You Can Improve Your Networking with These Simple Tips
4 min read
Tis the holiday season, and with the holiday season comes lots of holiday parties and networking opportunities. Regardless if you are looking for a new job or just putting feelers out there, it is great to be on top of your game. Here are my six tips for successful networking. Use then now or anytime throughout the year.
1. Network alone
You do not need a friend to approach a stranger and introduce yourself. All you need is confidence. I learned this lesson about four years ago. I had a friend that was drunk and became rude at an event I was invited to. They say you are the company you keep; she did not reflect me well. The next day, I told myself that when it came to my career, I would go at it alone. Since then, I have realized how powerful I am, and how impressed people are when I walk up to them, solo, and introduce myself. So, do not be afraid to go at it alone.
2. Dress to stand out
No matter how amazing you think you are, always remember your appearance precedes you. Before you arrive at any event where you are looking to make connections, make sure you look clean and professional. You will feel more confident and, most of the time, people will approach you to start a conversation. Make it easier on yourself—dress to impress, and do not forget to smile. (Need more on this? Check out this post.)
3. Skip handing out your business card, instead get theirs
It is more important to get people’s business cards than to give out yours. Swapping is great, if you can. However, in my experience, it is better to get the other person’s card, because then you are in control of the follow up process. If you are waiting on someone else, you could be waiting forever. And when it comes to your career, be proactive not reactive.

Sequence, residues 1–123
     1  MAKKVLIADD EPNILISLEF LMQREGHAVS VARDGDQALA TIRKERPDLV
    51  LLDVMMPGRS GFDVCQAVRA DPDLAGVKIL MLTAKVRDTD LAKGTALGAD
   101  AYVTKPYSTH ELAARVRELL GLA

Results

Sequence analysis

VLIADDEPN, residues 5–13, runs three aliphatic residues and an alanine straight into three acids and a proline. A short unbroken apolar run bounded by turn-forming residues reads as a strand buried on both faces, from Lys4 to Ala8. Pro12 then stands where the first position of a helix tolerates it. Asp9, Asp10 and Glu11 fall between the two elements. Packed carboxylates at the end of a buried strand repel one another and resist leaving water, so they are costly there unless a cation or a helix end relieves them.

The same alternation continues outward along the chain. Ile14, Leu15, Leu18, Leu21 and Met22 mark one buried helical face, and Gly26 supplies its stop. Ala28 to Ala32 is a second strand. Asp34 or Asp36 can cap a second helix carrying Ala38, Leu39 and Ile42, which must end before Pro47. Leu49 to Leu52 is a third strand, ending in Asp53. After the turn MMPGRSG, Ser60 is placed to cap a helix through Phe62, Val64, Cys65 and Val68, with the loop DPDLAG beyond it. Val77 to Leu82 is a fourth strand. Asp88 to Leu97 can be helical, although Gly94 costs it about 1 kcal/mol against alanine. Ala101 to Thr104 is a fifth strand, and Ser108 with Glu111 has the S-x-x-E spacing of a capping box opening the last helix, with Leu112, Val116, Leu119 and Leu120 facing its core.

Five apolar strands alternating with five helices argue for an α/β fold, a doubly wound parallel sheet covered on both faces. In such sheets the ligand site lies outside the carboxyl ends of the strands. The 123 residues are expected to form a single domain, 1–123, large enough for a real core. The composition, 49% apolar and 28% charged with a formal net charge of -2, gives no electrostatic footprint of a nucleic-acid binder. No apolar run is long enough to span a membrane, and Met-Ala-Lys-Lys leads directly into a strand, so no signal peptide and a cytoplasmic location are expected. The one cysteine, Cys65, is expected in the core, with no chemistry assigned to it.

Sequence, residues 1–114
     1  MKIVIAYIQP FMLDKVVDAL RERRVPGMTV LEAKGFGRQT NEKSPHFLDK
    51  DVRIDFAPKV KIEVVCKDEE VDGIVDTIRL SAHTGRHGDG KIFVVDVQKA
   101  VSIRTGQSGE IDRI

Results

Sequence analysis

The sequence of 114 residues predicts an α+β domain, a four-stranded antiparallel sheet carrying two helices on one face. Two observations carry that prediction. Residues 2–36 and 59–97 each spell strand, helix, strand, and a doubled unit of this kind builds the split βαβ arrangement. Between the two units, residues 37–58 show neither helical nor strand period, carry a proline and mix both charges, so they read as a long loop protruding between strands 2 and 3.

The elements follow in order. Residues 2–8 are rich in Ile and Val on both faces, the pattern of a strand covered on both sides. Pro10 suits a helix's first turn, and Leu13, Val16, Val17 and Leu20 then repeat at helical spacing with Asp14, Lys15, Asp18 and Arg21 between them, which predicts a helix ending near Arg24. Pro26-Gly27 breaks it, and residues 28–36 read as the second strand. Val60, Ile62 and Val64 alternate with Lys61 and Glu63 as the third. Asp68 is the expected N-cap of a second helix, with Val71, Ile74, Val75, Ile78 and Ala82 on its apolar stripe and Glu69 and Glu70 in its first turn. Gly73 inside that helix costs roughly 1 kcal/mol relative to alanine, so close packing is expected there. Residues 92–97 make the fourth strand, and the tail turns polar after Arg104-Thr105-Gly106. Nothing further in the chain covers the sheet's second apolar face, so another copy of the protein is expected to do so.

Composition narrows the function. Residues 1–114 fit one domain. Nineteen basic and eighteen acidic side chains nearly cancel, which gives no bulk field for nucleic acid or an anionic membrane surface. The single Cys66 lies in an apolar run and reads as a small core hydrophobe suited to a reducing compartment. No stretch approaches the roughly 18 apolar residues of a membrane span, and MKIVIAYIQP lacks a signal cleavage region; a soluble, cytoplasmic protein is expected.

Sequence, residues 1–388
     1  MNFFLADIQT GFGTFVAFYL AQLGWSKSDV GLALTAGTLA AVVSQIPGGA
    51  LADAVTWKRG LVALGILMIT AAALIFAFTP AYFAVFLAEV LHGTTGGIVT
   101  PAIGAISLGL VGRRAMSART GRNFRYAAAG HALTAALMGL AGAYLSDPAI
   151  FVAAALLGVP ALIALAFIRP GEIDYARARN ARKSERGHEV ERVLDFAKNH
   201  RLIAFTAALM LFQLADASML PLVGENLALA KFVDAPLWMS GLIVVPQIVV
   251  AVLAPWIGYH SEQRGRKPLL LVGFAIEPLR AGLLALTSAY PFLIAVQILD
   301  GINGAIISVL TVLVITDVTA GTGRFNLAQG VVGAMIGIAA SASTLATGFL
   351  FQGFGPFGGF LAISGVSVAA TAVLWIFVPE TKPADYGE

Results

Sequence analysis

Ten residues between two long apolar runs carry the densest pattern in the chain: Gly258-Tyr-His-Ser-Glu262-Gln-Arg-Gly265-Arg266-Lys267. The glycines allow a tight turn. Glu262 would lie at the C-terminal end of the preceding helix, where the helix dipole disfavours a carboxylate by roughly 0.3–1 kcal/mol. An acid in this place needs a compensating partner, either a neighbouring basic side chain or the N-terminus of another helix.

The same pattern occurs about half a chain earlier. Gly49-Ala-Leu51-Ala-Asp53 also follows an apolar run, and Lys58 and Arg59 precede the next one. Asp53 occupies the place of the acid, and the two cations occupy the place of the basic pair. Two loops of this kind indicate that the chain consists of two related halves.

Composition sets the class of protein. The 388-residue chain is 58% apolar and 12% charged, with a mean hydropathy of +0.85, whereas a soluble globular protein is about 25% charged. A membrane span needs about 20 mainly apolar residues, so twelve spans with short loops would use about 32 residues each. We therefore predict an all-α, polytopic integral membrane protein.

4. Find common ground
Be interested in the individual. Ask him/her questions about life, travelling, hobbies or current events. Finding commonalities during the conversation makes the individual more likely to connect with you and remember you.
5. Always follow-up the next day
I would suggest mid-morning before noon. That way inboxes are likely to be cleared of yesterday’s e-mails, but it is not too late in the day where you are forgotten. (Sending e-mails can be an art form. This is a topic I will discuss soon!) And if you can—remember something from the conversation to add to the e-mail. People are always surprised when you remember details about them and this helps jog their memory. For instance, “I hope your son Tim enjoys Washington University. Per our conversation, I went there as well.” P.S. If you forget to follow up the next day, then do it before the third day. After that, you become an afterthought.
6. Be relational not transactional
Most importantly, go into any social setting with the intention of building a relationship. When you first meet someone, it is bad business to talk business. It is off-putting. Wait until the follow-up or a later date to invite the person for lunch or drinks and then talk shop. But initially just focus on building a relationship. Get to know the person and his/her interests. Be engaged and sincere. People feel more comfortable helping you once they know you. Additionally, the more you think about networking in terms of building a relationship, the less likely you are going to be stressed out or nervous in those types of situations.
One last thing to keep in mind, being comfortable talking to strangers does not come naturally to most. That is why you must keep putting yourself out there. Like everything else, you get better with practice.